Due to travel restrictions and standstill in economic activities, the aviation industry has been one of the sectors most impacted by the COVID-19 pandemic.
As the country began to struggle with the coronavirus pandemic, Nigeria shut its airports against non-essential activities.
This led to the loss of daily bread to those whose livelihood revolved around the airport, from airport taxi drivers, booksellers, food sellers, to children that roamed about the parking lot helping passengers with their luggage.
A lot of stall owners at the airport have run into losses while their various sales representatives are left without pay.
Before the pandemic, revenue generated from air transportation and related activities contributed majorly to the Nigeria Gross Domestic Product (GDP).
However, the latest data published by the Nigerian Bureau of Statistics showed that the air transport under Transportation and Storage sector contracted by 38.86 per cent in Q3 2020 from 57.38 per cent in Q2 2020 and 15.23 per cent in Q3 2019.
Months after the major airports in Nigeria started operations, industry stakeholders are still counting their losses as a result of the airports’ closure which lasted for four months.
Some shared their awful experience during the closure with PREMIUM TIMES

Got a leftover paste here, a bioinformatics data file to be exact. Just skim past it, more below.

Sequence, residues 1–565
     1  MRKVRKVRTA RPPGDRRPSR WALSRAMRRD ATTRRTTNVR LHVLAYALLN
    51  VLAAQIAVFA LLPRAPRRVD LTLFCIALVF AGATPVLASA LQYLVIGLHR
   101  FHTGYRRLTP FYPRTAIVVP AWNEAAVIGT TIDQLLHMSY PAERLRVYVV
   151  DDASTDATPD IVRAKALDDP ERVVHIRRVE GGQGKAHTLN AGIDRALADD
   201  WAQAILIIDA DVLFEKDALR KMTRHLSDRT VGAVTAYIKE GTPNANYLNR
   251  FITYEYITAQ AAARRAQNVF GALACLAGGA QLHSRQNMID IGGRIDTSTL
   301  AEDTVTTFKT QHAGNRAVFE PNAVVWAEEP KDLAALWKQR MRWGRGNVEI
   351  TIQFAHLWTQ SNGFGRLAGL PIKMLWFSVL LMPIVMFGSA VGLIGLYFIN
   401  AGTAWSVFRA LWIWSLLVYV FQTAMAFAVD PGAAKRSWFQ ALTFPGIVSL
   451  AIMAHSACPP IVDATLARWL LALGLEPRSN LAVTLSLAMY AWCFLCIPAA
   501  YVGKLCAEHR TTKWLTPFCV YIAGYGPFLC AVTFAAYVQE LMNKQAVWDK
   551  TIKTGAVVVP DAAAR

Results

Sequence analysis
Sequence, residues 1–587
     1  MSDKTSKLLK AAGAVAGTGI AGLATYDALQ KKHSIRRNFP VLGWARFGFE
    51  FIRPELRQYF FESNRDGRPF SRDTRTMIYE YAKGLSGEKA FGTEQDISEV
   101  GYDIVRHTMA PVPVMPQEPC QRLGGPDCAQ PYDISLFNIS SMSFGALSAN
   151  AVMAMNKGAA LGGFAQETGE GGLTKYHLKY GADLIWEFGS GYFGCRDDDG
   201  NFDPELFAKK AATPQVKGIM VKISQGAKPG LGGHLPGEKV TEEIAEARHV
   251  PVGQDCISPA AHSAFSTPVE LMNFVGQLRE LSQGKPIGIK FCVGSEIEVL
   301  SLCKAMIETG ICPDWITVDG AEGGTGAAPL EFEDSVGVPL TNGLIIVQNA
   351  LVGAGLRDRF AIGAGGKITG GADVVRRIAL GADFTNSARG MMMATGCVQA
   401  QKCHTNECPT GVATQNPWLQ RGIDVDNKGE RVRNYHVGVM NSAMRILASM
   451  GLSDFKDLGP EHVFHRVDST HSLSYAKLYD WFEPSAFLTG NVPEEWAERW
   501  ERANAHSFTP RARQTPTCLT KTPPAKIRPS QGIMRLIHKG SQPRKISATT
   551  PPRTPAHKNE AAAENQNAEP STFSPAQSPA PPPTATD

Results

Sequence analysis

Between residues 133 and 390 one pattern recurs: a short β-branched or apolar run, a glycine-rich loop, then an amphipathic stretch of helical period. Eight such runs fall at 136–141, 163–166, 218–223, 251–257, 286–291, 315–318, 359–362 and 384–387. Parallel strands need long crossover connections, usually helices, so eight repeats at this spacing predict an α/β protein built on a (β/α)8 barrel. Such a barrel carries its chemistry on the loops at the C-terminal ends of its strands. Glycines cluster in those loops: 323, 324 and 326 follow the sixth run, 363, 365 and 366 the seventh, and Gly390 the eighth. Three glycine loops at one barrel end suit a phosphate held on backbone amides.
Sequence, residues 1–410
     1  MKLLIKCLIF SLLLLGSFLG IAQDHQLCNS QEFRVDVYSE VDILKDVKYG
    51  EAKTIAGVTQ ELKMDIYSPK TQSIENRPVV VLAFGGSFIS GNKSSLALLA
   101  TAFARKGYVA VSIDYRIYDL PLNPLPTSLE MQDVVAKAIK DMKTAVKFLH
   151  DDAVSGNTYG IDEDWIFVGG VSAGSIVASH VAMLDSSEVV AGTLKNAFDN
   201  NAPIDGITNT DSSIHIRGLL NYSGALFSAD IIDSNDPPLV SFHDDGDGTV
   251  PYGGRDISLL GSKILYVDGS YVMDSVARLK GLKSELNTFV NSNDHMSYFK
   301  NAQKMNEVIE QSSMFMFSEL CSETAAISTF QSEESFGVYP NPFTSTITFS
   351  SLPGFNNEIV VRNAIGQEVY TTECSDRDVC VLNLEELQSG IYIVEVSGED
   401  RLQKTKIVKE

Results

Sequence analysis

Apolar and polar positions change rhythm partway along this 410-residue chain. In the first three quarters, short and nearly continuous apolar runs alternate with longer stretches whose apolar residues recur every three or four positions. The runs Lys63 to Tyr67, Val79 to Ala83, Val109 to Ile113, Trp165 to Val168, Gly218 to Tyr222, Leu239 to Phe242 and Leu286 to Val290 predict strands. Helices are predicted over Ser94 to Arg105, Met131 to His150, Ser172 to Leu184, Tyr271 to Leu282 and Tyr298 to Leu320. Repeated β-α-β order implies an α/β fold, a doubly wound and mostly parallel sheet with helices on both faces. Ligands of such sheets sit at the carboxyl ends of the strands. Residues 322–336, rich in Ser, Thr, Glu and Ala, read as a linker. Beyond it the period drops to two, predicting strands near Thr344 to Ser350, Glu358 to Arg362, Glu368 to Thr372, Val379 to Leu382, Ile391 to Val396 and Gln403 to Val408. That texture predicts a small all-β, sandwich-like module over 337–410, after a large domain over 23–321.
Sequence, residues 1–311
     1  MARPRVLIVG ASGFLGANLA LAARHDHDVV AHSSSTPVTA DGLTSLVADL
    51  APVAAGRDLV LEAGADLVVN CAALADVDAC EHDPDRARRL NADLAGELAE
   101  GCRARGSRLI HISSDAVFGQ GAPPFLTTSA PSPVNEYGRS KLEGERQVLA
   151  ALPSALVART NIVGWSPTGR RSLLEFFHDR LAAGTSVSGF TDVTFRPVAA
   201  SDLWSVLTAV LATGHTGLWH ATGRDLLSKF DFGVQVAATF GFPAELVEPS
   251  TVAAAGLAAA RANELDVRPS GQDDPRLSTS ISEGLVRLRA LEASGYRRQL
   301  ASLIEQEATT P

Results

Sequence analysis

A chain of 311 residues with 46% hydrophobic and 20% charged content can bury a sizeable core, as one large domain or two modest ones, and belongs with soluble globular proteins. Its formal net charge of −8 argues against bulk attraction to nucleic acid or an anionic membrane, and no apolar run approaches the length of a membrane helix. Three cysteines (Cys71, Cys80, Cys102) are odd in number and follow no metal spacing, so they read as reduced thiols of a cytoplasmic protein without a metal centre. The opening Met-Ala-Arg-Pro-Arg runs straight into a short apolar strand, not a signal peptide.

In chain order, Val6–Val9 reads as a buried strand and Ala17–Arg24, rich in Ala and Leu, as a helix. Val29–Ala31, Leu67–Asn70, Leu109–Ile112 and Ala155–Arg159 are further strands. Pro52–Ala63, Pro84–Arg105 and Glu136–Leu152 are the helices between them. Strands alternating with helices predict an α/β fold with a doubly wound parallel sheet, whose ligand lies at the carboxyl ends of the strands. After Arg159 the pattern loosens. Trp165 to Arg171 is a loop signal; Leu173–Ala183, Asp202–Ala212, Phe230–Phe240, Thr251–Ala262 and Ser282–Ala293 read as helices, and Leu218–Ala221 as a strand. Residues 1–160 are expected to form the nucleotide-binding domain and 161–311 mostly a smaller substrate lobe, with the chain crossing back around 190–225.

“When listing the names of those affected by the lockdown of activities at the airport, I should be listed twice.
“I sold my second car, a Peugeot 406 worth N300,000 before the corona crisis for half the price just because my landlord almost sent me and my family packing,” said Nwokoro Ndubuisi, one of the airport taxi drivers at the Nnamdi Azikiwe International Airport, Abuja.
Mr Ndubuisi saw this reporter while she was trying to get an interview with other drivers who were seriously beckoning on anyone that appeared to be a prospective customer.
The father of four, who initially assumed this reporter will be his first customer for the day, said part of the money he got from the sold car was used to feed his family as he was unable to do anything tangible during the lockdown.
Mr Ndubuisi soon saw the reporter as the mouthpiece he needed as evidenced by how ready he was to recount his ordeal.
He said all he has done for years is driving and he later became an airport taxi driver, where he normally takes up to N5,000- N10,000 home daily after he fuels his car.
He said since the resumption of airport activities, he barely takes N2,000 home daily now.
Commenting on how often he gets to transport arriving passengers out of the airport, he said: “It is not possible to get two times rides in a day, in fact, some of us don’t get a ride for close to a week.”
Also, another driver who only gave his name as Sulaimon said, “I’m going through the worst moments of his life.”
Mr Sulaimon, who was very engrossed in trying to get a customer, lamented how the lockdown increased the rate at which he and his wife fought, as he was unable to cater well for his family.
“I suffer well well, even my wife no come dey respect me as money no de my hand, hunger wan kill my children,” he said in pidgin as he set about helping a man with two luggage bags, apparently about to get his first trip for the day.